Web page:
It took several years after our conversion and baptism to recognize and fully appreciate how much they differed from conservative Catholics (within whose camp we've found our home) and while it really isn't a matter of progressive vs conservative, but being congruent with traditional Church teaching rather than not and conservatives tend to be the former, progressives the latter.
Once realizing the difference and understanding their perspective, the attempt to ally Peter with Occupy Wall Street isn’t a surprise.
George Weigel, one of the Church’s most important theologians—his books are at Amazon’s author page—writes about them on the Ethics & Public Policy Center.
“It's been a bad three and a half decades for self-styled "progressive" Catholics.
“First, there was John Paul II, whom many in that camp habitually labeled a charismatic reactionary. Yet the Polish pope was a hero all over the world during an epic pontificate that bent history's arc in a more humane direction, and did so without the aid of liberation theology. John Paul's funeral Mass on April 8, 2005, became, in the apt phrase of NBC anchor Brian Williams, "the human event of a generation," a moniker unlikely to be attached to the obsequies of, say, Hans Küng, John Paul's most embittered progressive critic.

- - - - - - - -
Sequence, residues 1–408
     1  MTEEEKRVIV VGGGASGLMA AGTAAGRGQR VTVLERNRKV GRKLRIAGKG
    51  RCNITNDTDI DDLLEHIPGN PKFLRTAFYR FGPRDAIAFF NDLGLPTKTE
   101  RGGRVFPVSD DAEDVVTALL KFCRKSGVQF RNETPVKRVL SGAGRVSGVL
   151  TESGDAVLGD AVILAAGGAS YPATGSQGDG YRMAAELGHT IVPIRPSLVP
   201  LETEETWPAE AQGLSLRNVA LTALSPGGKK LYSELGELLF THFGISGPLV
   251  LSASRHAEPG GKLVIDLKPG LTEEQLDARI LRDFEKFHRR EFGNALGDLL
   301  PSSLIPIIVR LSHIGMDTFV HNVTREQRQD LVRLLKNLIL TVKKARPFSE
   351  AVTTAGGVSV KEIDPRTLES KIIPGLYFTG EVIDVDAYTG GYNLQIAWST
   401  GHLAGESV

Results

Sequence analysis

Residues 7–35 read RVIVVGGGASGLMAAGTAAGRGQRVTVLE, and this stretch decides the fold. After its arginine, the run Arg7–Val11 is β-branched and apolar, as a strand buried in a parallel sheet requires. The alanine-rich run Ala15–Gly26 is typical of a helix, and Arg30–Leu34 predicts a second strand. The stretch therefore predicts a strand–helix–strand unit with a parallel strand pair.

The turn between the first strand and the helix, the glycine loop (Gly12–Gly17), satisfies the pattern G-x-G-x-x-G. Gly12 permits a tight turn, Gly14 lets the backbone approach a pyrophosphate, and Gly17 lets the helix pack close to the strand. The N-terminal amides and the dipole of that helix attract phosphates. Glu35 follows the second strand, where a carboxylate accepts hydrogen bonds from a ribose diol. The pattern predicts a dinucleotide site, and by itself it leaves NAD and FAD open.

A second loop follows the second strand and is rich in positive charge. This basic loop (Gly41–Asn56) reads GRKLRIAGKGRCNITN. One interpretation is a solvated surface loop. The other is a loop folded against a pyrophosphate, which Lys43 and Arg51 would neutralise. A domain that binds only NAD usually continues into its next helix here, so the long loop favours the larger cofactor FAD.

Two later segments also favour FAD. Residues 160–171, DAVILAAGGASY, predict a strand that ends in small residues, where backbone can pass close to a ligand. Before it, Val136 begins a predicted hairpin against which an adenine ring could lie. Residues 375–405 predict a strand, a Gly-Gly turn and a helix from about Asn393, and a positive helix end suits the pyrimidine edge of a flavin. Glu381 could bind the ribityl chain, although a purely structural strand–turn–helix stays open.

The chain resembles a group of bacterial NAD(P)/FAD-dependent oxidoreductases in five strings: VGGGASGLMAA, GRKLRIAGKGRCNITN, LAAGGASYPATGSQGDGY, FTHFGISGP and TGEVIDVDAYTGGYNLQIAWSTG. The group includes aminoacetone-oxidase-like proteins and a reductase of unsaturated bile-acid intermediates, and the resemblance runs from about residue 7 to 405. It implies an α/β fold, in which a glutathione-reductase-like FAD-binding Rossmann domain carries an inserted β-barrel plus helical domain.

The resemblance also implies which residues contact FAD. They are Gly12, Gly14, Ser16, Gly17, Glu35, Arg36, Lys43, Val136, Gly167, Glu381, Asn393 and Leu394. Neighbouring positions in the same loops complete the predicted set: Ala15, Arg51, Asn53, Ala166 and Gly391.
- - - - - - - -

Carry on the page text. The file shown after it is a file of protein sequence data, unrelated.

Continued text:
“Then came the election of the progressives' bête noire, Joseph Ratzinger, as Pope Benedict XVI: a horror that a prominent progressive, Notre Dame's Fr. Richard McBrien, declared electorally impossible a mere 24 hours before it happened. Catholic progressives hunkered down for what they hoped would be a brief Ratzingerian interregnum. But Benedict XVI has proven an energetic pope whose pontificate has been in dynamic continuity with that of his predecessor, an astute analyst of the cultural crisis of the West, and a man determined to strengthen Catholic identity as the sine qua non of Catholic reform.